One of the first things I noticed after I started using the Web in 1995 was how bad search engines were at finding information. I felt empowered at suddenly having access to a lot of information, but also frustrated at the time and effort it took to find and compile the data I needed. I soon realized I wasn't alone in feeling that way. As Web usage surged in the U.S. in the mid-1990s, users shared a common complaint: search engines suck.
But feeling optimistic, I told myself that we were in the early days of the Internet and that soon enough we'd have some better Internet-searching technology.
Well, six years later I'm still waiting for that efficient search engine and singing U2's "I still haven't found what I'm looking for" while I wade through long lists of query results that don't quite have the information I want.
Plenty of other technology areas have improved for U.S. Internet users since 1995. Internet connections are faster. The amount and quality of multimedia content has increased. Web site design has evolved significantly. Finally, the types of useful Web services offered online, such as online banking, online bill payment, online shopping, driver's license renewal, and so on, continues to rise.
While those areas are by no means perfect and will continue to be enhanced, U.S. Internet users can look back six years and notice marked improvement. Not so with search technology.
Advances in Internet searching have been slower in coming. Sure, queries can be made more specific, and results can be filtered in more ways, but as it was in 1995, it is still very unlikely you will find quickly the information you are looking for using a search engine.
Search engines still return way too many results for the average query, forcing users to comb through sites that are either marginally related to the topic or, if related to the topic, most likely to feature low-quality, useless content. In short, search engines are still not good enough at finding information, which is a big problem, because that's their reason for being.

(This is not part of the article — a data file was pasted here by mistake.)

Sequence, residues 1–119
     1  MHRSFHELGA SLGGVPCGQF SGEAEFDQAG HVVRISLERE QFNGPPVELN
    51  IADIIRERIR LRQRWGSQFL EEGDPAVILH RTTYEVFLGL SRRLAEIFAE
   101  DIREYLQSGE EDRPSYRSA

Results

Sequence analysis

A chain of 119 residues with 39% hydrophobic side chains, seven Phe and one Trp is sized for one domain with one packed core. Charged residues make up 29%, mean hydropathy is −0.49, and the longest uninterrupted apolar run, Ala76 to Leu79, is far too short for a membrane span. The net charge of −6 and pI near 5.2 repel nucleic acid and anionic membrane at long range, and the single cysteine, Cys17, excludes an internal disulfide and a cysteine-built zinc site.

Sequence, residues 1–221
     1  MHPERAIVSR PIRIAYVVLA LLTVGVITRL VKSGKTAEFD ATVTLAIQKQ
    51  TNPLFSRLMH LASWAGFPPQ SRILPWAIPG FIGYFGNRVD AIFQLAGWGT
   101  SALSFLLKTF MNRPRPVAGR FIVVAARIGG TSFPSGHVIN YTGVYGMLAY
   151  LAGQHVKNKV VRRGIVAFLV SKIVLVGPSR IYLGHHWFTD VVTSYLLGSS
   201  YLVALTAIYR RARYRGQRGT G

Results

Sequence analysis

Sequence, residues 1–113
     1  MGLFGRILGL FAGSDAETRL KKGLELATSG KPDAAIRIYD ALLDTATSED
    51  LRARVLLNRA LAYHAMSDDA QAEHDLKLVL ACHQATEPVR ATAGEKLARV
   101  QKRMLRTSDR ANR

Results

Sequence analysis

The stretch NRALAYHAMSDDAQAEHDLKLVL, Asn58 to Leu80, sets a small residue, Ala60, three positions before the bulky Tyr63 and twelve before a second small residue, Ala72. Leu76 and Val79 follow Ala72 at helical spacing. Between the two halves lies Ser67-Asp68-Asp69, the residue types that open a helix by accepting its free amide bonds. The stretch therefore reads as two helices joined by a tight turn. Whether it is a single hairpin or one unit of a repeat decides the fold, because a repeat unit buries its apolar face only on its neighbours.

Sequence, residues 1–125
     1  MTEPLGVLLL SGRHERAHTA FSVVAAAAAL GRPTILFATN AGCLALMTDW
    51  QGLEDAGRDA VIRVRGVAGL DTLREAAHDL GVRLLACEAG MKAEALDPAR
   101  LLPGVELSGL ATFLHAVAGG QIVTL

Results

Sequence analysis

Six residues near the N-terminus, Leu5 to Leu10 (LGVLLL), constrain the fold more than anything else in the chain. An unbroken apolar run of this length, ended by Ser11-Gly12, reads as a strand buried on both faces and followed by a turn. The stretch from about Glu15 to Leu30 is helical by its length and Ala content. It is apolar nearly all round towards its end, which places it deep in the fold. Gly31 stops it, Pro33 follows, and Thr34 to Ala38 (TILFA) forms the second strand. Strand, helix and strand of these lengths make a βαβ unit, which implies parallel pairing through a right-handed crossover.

That has been my experience using search engines that find mostly English-language Web sites, as well as when I use search engines tailored for Spanish-language content. Maybe there are other search engines that focus on other languages and that work better. If there are, I envy the speakers of those languages. But I seriously doubt there are any search engines that deliver an acceptable level of service to users anywhere.
Even more disheartening is that the topic of Internet-searching technology, once a hot issue in the U.S., seems to have lost some of its importance. Could it be that we here in the U.S. are becoming resigned to the fact that we'll never get that search engine we've been waiting for? Are U.S. users and search-engine companies throwing in the towel and acknowledging that the Web is wild and impossible to search and index in any useful manner?
I hope not. There will certainly be large profits to be had by the company that brings to the market a search engine that acts like a true research assistant, instead of as a keyword identifier that returns a list of 15,000 Web sites after a query. For users, there will finally be a real tool to take advantage of all the useful - but often hard to find - information contained in the Internet.
And maybe then U2's Bono will finally find whatever it is he's been looking for. The group recorded the aforementioned song about 14 years ago -- that's a long wait, and I doubt that search engines have given him much help.